- Futureproof by default.
- Make the accessible path the most convenient, delightful path.
- Prioritize end-to-end accessibility. If an assistive feature starts, design it to follow through the whole experience and not end abruptly, like a ramp leading to a set of stairs or a railing that stops halfway down a set of stairs.
- Prioritize autonomy first.
- Build for wheels.
- Enable wayfinding in multiple formats. For example, plan for visual signage to have an audio and/or tactile counterpart.
- Eliminate barriers and friction.
- Promote relaxation and recovery.
- Enable personal assistive technology, with a focus on easy to access, low-cost technologies.
- Go beyond legal requirements.
- Enable flexibility and customization. For example, provide multiple options for height of fixtures by default and design street furniture that’s easy for people to move or alter to suit their needs.
- Provide information in multiple, easily accessible formats and languages.
- Support multiple input modalities to all digital experiences.
- Preserve privacy and support fairness in machine learning.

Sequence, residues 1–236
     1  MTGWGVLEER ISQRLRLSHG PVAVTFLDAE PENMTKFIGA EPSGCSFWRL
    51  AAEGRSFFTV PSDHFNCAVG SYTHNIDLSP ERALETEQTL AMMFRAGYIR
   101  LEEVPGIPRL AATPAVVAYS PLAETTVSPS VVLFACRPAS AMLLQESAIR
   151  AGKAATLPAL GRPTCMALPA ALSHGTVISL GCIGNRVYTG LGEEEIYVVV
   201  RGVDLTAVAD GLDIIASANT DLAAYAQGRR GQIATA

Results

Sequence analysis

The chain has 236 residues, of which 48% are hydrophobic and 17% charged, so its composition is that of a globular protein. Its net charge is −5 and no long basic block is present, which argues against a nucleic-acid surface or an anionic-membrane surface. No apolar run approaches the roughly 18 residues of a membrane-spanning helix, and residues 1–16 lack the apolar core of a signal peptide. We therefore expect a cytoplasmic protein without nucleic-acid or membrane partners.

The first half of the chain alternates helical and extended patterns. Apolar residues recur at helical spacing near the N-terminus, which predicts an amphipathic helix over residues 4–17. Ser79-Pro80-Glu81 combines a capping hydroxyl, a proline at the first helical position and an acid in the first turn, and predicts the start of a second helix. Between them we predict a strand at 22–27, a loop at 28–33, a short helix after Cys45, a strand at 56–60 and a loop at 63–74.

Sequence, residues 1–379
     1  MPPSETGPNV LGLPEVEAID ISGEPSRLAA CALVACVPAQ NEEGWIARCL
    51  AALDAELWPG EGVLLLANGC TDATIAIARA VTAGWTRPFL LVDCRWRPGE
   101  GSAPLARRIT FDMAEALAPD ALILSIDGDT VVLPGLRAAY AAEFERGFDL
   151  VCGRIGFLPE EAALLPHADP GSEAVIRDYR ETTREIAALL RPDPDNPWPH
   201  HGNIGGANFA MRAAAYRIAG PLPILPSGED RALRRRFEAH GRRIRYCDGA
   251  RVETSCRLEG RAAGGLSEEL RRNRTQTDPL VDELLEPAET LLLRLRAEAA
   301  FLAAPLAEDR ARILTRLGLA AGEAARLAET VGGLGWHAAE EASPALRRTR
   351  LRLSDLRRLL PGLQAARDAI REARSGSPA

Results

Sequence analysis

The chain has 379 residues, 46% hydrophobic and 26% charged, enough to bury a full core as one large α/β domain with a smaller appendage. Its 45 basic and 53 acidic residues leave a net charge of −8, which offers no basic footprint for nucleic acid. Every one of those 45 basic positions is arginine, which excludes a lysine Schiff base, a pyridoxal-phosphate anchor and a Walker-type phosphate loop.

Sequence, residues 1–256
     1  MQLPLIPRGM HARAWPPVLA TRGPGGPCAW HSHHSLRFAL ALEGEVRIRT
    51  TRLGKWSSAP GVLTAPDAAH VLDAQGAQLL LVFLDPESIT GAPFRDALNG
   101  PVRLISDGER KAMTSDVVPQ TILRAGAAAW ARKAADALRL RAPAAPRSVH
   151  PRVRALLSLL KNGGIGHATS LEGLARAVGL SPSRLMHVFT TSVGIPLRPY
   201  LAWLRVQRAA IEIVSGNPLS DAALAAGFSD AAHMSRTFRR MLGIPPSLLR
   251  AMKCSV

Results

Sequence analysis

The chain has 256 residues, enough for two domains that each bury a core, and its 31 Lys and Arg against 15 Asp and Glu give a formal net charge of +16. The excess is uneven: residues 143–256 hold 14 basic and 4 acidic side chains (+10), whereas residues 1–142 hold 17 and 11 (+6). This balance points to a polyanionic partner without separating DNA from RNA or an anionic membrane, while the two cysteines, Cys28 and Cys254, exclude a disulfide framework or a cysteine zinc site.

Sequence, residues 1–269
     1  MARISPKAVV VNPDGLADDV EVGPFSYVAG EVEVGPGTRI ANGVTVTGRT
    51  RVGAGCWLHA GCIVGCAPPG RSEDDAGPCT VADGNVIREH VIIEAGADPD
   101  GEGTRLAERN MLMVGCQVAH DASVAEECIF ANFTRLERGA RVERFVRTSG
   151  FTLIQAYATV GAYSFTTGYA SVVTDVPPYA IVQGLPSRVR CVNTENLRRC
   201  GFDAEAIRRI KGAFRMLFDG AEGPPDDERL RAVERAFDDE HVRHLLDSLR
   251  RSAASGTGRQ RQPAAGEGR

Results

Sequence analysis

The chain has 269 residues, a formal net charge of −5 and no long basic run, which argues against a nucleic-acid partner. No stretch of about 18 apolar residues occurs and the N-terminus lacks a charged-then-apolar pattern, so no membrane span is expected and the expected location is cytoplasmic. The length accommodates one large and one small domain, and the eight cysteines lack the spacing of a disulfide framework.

- Allow an easy way to give feedback on digital tools.
- Use common standards for messages in audio wayfinding features.
- Provide a recommended, free option that is also open to third-party alternatives wherever technology is necessary to interact with a key service.
- Use the best digital accessibility standards available and set new, higher standards wherever possible.
We’ll continue to listen, engage, and connect with organizations, advocacy groups, and people who are focused on accessibility and inclusive design in Toronto to refine and revise these principles. And we’ll continue to be open to new great ideas for creating an accessible, flexible, and empowering neighborhood at Quayside.
Let’s keep up the conversation. Please email us your feedback, thoughts and suggestions on the draft accessibility principles at email@example.com. And stay tuned. We’re just getting started.